Born in Pratt, Kansas, Alma Eikerman earned a B.S. degree in 1934 at Kansas State College in Emporia and an M.S. in 1942 at Columbia University. She subsequently taught jewelry design at Wichita State University in Kansas and in 1947 joined the faculty of Indiana University in Bloomington. While on sabbatical in 1950, Eikerman studied Scandinavian silversmithing with Karl Gustav Hansen in Copenhagen, which was to become the foundation of her hollowware. Eikerman retired from teaching at Indiana University in 1978, having been honored with the title of Distinguished Professor.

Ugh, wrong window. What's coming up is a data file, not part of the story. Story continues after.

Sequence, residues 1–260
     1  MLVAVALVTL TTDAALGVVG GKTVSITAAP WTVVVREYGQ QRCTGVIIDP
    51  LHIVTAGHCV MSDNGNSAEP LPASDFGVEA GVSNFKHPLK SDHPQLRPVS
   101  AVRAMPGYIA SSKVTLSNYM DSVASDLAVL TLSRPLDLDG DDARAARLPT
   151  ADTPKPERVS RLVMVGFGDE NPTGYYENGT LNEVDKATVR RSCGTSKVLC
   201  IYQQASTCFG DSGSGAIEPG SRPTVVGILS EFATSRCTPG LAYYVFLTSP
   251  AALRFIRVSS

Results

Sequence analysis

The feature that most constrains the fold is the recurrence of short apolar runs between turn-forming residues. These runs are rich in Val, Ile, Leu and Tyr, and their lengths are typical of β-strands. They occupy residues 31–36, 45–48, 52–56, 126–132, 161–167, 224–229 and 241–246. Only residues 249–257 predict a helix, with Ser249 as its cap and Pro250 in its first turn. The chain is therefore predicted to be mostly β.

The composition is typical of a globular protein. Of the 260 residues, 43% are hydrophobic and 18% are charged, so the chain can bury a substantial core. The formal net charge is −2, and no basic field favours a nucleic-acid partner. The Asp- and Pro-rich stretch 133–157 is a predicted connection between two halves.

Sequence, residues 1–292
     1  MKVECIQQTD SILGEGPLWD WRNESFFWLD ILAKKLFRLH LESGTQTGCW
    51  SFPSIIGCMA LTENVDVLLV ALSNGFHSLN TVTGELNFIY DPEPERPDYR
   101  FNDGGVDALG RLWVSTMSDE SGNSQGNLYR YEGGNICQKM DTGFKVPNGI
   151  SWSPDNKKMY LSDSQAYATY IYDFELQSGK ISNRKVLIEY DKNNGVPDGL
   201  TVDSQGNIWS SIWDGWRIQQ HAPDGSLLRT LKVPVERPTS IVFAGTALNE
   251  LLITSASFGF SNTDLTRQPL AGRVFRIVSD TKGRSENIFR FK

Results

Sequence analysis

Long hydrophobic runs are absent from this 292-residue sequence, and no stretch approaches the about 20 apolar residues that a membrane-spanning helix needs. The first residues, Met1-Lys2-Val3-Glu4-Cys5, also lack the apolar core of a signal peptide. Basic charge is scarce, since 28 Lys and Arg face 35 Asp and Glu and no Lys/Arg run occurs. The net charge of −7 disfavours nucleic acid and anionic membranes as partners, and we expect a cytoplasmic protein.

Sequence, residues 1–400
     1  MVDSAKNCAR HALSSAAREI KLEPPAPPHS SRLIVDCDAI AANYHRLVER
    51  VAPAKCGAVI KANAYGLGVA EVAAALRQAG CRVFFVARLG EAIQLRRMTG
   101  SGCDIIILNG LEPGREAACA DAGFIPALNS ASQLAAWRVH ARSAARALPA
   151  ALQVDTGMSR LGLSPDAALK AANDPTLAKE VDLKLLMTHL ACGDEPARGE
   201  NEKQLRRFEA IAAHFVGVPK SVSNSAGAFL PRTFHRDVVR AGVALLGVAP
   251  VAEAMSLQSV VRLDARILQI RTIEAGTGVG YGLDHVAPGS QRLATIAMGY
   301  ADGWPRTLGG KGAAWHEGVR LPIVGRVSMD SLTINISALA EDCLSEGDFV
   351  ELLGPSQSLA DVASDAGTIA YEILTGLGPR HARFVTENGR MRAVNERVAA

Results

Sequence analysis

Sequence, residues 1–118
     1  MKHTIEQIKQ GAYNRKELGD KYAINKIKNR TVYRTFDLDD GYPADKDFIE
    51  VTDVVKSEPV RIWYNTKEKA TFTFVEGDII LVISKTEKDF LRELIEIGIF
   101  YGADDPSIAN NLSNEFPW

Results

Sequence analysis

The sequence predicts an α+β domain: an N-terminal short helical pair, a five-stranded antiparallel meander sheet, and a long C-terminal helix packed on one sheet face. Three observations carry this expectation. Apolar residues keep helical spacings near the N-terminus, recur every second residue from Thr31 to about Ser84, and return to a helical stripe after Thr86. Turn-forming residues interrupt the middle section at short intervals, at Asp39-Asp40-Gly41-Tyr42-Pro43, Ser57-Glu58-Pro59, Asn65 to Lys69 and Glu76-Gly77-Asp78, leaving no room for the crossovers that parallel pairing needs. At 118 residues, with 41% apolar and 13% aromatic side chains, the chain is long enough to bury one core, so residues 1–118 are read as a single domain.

Eikerman's legacy at Indiana University was an exceptional metals program that inspired two generations of artists. A founding member of the Society of North American Goldsmiths, she received the Indiana Governor's Art Award and the American Craft Council's Gold Medal in 1993.
Kenneth R. Trapp and Howard Risatti Skilled Work: American Craft in the Renwick Gallery (Washington, D.C.: National Museum of American Art with the Smithsonian Institution Press, 1998)
Alma Eikerman grew up a farmer’s daughter in Kansas, where she took her first courses in jewelry making. She moved to New York City in the late 1930s and received a master’s degree from Columbia University. In 1947, Eikerman established the metals program at Indiana University, which would become one of the best in the nation. Her energetic teaching at Indiana and her national reputation made her a role model for women who aspired, in the 1950s and 1960s, to be professional artists.